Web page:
In My Skin (May 16/04)
Somewhere around the midway point of In My Skin - probably during the sequence that finds the central character chewing on her arm as though it were a cob of corn - even the most open-minded viewer will be forced to ask themselves just what on earth they're looking at. Writer/director/star Marina de Van seems to have no other goal than to shock her audience, and if that was indeed the case, she's certainly succeeded. But in terms of providing a reasonable explanation for why her protagonist behaves the way she does, de Van refuses to allow us inside this character's admittedly bizarre head.
The thin storyline involves Esther (de Van), a socially awkward woman who doesn't seem entirely comfortable either in work situations or more casual gatherings in her free time. At one such event, while strolling through an impossibly dangerous backyard, Esther trips and rips open her leg (but somehow manages to not notice right away). Though she gets it bandaged, she can't resist picking at the wound - an activity that soon escalates to cutting herself on purpose and keeping pieces of her own flesh in her purse (for a midday snack, I suppose).
It's not necessarily a bad premise for a movie - there are, presumably, some folks that are actually afflicted with such a disorder - but de Van's pretentiousness prevents the film from ever becoming even remotely interesting. Clearly influenced by filmmakers like David Cronenberg and David Lynch, de Van imbues In My Skin with a distinct sense of style but fails to include anything of substance for the viewer to latch onto. As a result, the movie is about as entertaining as the plot description makes it sound; without a single glimpse into what makes Esther tick, it's impossible to feel a single thing towards her except apathy.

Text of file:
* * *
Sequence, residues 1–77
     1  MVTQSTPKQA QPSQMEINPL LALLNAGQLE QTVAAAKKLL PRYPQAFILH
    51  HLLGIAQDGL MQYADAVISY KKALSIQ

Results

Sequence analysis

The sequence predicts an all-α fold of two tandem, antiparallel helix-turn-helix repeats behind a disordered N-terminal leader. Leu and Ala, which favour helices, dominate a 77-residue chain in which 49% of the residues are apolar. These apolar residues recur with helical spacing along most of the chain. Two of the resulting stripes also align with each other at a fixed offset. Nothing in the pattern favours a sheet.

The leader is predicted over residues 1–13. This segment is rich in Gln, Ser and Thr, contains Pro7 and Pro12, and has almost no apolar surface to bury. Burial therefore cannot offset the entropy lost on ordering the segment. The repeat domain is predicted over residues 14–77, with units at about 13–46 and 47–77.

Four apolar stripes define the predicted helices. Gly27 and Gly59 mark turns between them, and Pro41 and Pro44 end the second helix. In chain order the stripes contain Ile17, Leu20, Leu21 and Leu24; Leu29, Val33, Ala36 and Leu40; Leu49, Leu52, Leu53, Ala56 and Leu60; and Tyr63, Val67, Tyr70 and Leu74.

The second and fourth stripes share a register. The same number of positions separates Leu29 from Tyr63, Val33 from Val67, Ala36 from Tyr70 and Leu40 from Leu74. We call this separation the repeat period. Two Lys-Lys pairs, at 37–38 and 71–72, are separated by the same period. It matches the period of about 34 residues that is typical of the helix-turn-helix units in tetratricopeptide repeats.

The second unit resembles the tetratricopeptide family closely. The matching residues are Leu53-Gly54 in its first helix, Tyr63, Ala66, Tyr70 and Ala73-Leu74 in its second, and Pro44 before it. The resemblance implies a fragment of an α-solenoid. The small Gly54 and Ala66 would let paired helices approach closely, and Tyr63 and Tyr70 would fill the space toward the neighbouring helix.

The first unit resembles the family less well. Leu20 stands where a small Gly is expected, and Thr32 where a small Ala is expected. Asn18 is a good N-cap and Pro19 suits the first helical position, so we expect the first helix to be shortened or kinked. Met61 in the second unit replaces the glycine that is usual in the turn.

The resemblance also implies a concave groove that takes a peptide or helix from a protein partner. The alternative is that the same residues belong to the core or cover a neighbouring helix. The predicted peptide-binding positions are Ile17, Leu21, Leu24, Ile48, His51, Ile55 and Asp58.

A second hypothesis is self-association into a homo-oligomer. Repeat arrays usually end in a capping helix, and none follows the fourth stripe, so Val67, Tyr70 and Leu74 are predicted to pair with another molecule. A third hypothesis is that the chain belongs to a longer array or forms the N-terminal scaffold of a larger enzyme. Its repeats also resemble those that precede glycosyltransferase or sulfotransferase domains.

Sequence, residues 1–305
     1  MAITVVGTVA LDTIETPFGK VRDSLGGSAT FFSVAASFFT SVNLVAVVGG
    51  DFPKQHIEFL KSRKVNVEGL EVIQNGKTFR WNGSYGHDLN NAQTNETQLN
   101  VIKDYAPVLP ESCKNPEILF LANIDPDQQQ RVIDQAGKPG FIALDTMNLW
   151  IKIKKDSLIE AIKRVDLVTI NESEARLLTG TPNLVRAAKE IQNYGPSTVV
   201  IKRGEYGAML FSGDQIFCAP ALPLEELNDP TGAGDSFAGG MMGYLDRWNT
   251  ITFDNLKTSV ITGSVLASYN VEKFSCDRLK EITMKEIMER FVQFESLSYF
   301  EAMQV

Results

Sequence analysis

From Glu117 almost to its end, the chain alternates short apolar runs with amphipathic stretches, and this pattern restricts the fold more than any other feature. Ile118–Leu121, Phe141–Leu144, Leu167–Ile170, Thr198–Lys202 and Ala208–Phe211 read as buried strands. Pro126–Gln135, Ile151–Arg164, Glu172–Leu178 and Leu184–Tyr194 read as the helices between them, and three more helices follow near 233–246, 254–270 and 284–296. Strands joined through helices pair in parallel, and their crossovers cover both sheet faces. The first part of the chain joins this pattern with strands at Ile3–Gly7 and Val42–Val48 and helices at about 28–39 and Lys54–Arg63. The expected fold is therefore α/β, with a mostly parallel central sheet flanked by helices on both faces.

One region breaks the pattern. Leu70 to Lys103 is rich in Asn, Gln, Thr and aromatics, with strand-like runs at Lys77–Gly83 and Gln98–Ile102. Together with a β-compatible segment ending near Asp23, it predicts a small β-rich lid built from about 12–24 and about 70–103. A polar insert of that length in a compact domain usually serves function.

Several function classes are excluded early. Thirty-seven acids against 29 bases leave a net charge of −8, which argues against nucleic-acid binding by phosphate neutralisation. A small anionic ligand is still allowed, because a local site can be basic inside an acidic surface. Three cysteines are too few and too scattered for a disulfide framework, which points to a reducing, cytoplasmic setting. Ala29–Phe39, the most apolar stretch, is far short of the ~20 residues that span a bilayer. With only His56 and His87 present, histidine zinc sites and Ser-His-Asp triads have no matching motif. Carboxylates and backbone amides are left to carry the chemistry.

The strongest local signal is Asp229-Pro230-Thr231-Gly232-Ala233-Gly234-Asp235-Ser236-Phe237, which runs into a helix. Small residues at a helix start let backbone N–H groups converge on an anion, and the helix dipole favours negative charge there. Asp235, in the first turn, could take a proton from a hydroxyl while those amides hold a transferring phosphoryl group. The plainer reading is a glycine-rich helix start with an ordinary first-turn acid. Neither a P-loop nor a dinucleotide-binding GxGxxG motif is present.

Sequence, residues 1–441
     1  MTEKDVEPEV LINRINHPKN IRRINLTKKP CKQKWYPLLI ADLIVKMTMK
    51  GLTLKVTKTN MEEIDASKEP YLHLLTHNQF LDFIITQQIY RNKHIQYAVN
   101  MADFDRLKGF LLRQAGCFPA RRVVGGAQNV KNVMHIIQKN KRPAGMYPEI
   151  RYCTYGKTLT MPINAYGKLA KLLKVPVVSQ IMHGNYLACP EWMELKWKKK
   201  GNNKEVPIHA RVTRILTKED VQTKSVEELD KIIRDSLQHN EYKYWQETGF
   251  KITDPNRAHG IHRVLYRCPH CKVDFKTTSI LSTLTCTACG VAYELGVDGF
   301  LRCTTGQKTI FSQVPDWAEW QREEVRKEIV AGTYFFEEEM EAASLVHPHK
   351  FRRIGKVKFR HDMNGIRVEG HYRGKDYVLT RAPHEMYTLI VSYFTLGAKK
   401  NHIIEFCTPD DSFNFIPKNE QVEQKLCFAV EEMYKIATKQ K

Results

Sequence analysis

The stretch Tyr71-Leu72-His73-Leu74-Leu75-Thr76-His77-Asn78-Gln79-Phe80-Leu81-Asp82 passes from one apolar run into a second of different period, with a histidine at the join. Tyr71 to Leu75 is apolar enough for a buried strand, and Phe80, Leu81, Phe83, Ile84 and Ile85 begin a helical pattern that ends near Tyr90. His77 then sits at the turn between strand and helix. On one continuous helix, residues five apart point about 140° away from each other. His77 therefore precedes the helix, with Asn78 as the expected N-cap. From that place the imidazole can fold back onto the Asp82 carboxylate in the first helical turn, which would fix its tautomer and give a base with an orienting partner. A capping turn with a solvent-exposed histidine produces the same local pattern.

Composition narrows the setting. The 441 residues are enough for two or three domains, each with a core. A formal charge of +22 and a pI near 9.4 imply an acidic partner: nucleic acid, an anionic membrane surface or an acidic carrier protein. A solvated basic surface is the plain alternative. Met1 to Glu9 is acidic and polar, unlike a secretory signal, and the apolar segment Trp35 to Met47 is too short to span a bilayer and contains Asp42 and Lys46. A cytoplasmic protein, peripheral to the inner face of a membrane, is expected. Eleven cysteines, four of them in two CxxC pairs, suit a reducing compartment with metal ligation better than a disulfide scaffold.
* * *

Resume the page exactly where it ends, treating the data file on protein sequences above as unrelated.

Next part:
Which is a shame, since it's fairly obvious that de Van has some talent. The spare and austere tone she employs as a director is reminiscent of Kubrick, right down to the occasional SteadiCam tracking shot. The comparisons end there, though, as de Van doesn't come close to Kubrick's ability in marrying intriguing images with characters and a storyline worth following. As an actress, de Van uses her odd appearance to her benefit; it's not at all difficult to believe Esther's transformation from office weirdo to self-mutilating weirdo.
In My Skin's overly ambigious conclusion cements its status as an obtuse piece of work, and it's hard to imagine just who the film is meant to appeal to. While there's no denying that the film is utterly unique, an innovative storyline simply isn't enough to keep us engaged - there has to be more.